Everybody been pouring over the catalogs? Yeah--us too. All the new selections, the trial winners--old favorites we can't live without. Here at the nursery, we've been ordering and planting practically since we closed for the season last fall. Here are some of our new offerings for the spring.
We've added more Plant Select material this year since many of their plants are great matches for our tough growing conditions. We'll have Kintzley's Ghost honeysuckle, Kannah Creek buckwheat, Sunset foxglove, Lavender Mist sun daisy (a perennial osteospermum), Denver Daisy rudbeckia, Bridges and Shadow Mountain penstemons, Coronado Red and Sonoran Sunset agastaches, and Turkish Veronica. In coming blogs we'll talk about why we're excited about these selections.
We'll still have Plant Select favorites that we've been carrying like Sea Foam artemesia (pictured) and Partridge feather that are so tough, xeric and yet so beautiful. We should have plenty of Sunset hyssop, Orange Carpet Hummingbird Trumpet (z. garettii), Pike's Peak Purple penstemon, and Coral Canyon diascia--all favorites that we sold out of last year.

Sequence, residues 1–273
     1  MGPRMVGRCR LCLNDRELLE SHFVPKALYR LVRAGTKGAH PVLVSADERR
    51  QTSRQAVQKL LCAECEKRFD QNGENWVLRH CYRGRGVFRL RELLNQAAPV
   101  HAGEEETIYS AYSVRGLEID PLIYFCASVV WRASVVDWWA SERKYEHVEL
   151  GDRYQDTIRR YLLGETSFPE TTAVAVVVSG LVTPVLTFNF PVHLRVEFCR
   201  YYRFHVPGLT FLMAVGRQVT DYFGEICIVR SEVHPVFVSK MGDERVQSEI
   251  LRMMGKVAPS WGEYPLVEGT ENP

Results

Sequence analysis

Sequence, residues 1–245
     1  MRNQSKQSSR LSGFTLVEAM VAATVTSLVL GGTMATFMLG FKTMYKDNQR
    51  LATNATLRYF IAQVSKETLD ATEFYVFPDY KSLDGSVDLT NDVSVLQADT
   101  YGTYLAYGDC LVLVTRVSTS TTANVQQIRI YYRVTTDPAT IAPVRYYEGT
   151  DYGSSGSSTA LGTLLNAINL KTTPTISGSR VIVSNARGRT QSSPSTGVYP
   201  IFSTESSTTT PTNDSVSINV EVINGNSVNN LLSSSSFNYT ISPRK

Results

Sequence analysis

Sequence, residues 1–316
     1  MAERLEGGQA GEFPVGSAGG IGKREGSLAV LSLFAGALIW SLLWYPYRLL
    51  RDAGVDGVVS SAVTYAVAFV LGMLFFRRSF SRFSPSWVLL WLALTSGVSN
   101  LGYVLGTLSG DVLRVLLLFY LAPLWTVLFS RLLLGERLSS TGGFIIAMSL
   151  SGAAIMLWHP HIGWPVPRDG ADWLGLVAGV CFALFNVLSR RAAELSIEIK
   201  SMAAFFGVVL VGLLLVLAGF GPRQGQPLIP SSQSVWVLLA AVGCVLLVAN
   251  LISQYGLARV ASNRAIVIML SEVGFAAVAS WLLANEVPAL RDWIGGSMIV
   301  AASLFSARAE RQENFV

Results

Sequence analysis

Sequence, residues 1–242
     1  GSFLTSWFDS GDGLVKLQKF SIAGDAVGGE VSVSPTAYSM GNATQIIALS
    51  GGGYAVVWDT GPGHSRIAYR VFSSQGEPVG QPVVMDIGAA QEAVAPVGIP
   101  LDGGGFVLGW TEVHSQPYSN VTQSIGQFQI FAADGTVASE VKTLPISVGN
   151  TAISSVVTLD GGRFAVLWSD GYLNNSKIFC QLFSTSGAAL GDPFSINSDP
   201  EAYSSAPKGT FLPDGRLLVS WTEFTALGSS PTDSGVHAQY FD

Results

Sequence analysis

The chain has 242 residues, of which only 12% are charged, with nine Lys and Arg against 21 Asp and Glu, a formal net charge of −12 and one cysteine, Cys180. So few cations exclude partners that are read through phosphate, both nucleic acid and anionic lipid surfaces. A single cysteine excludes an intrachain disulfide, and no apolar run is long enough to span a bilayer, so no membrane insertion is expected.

We'll have more natives this year, both annual and perennials like mountain meadow penstemon, blue dicks, monarda fistulosa, baptisia, prince's plume, California bluebells, Fender's sundrops, western wallflower, western spiderwort, and several milkweeds. Some of these are very limited, so first come...
We'll have a different veronica spicata, Sightseeing, a mixed blend of blue, pink, white and purple. We're also starting an armeria--Morning Star Deep Rose. It looks like we'll have a good number of Love-Lies-Bleeding, as well as the common amaranth that we carry for the birds. We're trying a white verbascum that is supposed to be a true perennial--Flush of White--also supposed to flower the first year from seed.
For tropical lovers, we'll have starts of the stapelia above, and some other odds & ends that are crowding the greenhouse.
Things are looking good in the greenhouses (well, number 5 got visited by a local bull, and we won't know what survived until spring!). We're hoping to finish the winter with a more normal range of temperatures than last winter. The deep snow actually acts as insulation. Several things have ventured a flower or two--the Cerise Queen achillea, the diascia (this plant likes it cold!), a pink chrysantheum--in the unheated houses.